AMCN Twisty Bits

Published on August 8th, 2009 | by Boris

THE NIGHT OF THE DAMNED

11109496-water-ski-wipeout

This is not me. My wipe-out was far more horrendous

It does a man good to sleep under the stars.

Especially if there is a campfire involved. Reflected orange flames dancing off the bike; the smoky tang of burning gum tree and vaguely rancid sleeping bag in your nostrils; the sour afterbite of bad whisky on your tongue – all basking under the awesome indifference of the night sky.

Fabulous stuff. Life-affirming.

Even when it all goes to shit, and the night becomes a shrieking, gelatinous circle of Hell into which you have been cast, and from which there is no escape and no end, it still does you good.

These days, I am fortunate enough to pick and choose when I wish to repose ’neath the vault of Heaven, but there was a time when circumstances did not permit such choice.

Like the night I lay whimpering near a footpath in Coonamble hoping one of the endless semi-trailers, hissing and grinding through their brakes and gearboxes three metres from where I lay, would run me over and end my misery.

At least I think it was Coonamble. It could have been Narromine. But there was a river involved, I’m certain of that. Anyway, how I came to be quivering in abject despair on its footpath is a cautionary tale for the youth, lest they too find themselves on a swag, beside a busy highway, swathed in wretchedness. Young motorcyclists must know that the ability to ride a motorcycle does in no way automatically confer upon one the ability to also water-ski.

Yes, it certainly came as a revelation to me, too. And I pondered it at length that evening in bastard Coonamblimine, as mosquitoes feasted upon my pain-riddled blood and my body hummed in existential agony. I was too disabled to even roll myself a few metres to the right and under the front axle of the next truck.

What led to this was an altogether harmless plan to go ride around the western arse-end of NSW with a bunch of mates. We’d stopped in Coonamblimine cos we needed petrol, then my mate remembered he had an old mate who lived two doors up from the servo who had a widow-making ski boat, three teenage daughters and fridge full of beer. One thing led to another and I found myself many beers later, tethered to the back of this bastard’s V8-powered ski-boat while his 18-year-old daughter held me from behind and giggled waterskiing instructions in my ear. In those happy few seconds before I was torn from the water like a dugong lassoed by a fighter jet, I could appreciate the similarities between motorcycle riding and water-skiing. Handlebars? Check! A few mates cheering me on? Check! Girl in bikini clutching my back? Check!

I didn’t get any further with the checklist. Old mate hit the ionic plasma-thrusters on his floating space ship and I came up out of that water like shit flung off a shovel. Champagne corks have less velocity departing their bottles.

Luckily, the bar was wrenched from my grip after the first bounce, so only two ribs and a small section of chest cartilage was destroyed. And my life jacket ensured I floated back to the surface after first wrenching free something important and horrible in my groin when I hit the river for the last time. A whale crashing into the ocean from orbit couldn’t have displaced more water.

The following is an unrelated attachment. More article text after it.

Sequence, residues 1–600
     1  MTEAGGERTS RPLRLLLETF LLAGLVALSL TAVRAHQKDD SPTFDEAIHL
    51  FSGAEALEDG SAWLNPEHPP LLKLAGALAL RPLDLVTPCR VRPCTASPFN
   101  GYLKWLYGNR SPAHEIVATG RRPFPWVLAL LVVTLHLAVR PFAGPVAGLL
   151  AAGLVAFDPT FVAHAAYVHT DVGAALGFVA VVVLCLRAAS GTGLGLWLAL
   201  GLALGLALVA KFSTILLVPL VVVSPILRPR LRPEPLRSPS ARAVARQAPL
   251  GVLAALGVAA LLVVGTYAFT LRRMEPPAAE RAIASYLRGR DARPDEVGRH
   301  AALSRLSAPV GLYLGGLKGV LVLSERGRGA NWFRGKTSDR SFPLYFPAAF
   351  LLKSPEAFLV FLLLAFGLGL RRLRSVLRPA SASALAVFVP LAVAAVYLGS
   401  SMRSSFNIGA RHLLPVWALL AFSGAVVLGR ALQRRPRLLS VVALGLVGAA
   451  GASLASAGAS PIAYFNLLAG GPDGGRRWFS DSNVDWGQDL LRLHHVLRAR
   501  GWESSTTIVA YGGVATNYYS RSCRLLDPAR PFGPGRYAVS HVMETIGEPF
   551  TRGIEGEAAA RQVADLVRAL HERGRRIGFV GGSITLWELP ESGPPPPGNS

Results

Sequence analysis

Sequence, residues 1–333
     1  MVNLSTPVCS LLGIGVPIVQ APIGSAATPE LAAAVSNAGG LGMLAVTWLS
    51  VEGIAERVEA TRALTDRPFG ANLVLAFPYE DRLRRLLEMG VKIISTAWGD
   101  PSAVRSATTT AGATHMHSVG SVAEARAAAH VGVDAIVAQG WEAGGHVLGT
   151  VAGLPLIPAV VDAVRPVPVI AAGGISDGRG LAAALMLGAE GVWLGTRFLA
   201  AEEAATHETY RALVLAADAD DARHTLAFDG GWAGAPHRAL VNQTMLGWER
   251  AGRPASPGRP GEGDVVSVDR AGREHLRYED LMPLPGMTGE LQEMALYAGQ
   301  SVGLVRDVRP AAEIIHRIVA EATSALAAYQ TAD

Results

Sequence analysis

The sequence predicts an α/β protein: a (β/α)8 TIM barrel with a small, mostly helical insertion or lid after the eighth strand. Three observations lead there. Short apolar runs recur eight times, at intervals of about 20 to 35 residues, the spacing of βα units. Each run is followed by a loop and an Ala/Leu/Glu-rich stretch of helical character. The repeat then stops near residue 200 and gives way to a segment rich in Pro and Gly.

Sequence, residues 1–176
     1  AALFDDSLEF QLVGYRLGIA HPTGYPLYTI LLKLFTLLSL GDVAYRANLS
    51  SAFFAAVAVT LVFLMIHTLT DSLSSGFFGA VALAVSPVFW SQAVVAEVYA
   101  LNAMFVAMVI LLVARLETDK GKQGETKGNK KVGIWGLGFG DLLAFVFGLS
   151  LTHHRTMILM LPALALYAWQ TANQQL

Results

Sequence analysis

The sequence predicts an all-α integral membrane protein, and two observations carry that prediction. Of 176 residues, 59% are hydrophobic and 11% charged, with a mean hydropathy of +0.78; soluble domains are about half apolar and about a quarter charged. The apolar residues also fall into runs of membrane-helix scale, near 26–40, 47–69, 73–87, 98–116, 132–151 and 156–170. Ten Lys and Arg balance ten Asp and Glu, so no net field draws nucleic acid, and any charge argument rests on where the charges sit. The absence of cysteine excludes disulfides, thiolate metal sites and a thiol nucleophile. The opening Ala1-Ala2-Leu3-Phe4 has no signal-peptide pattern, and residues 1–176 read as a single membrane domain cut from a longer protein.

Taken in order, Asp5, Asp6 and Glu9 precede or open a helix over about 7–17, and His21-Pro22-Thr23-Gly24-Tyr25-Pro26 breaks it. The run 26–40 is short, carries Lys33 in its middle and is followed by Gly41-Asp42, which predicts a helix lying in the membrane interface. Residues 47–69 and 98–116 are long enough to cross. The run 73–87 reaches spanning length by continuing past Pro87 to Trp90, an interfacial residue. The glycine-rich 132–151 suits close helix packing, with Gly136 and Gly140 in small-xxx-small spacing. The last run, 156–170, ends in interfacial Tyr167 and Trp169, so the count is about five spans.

Some hours later, I had been transported to old mate’s house where a party was being thrown to celebrate the fact that I wasn’t dead and that no-one could be charged with my murder. I demanded and was given alcohol, all kinds of pain-killers (some traditional, some not so traditional) and some military-grade muscle relaxants.

About an hour later, I desperately needed to become horizontal, so after a vain attempt at sleep in a house trembling to the bass-rifts of AC/DC turned to 12 on the stereo and awash with crazy yelling drunks, I dragged my swag into the tiny bike-packed front yard (the backyard was also full of drunks) which fronted the highway and collapsed.

Could I sleep? Nope. Some of the pain-killers I took were full of ephedrine. Could I move? Nope. I had miscalculated the dosage levels of the pain-killers and was encased in chemical cement – a lifeless, but fully awake and aware, corpse. I was also dangerously drunk and still in quite a robust deal of pain – so I could only lay on my back among all the bikes and breathe in shallow puffs, like a dog with a broken spine. Pissing without overly befouling myself was only possible if someone cared enough to roll me gently onto my side and hand me a container.

But no-one remembered to care. Not even my waterskiing instructor.

All that long and dreadful night, as my body whimpered to itself, my bladder cried and my mind raced madly, mosquitoes I couldn’t swat drank my essence and semi-trailers shook the ground I lay on.

It was an appalling night under the stars.

But it did me good, cos I never went water-skiing again.

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About the Author

is a writer who has contributed to many magazines and websites over the years, edited a couple of those things as well, and written a few books. But his most important contribution is pissing people off. He feels this is his calling in life and something he takes seriously. He also enjoys whiskey, whisky and the way girls dance on tables. And riding motorcycles. He's pretty keen on that, too.



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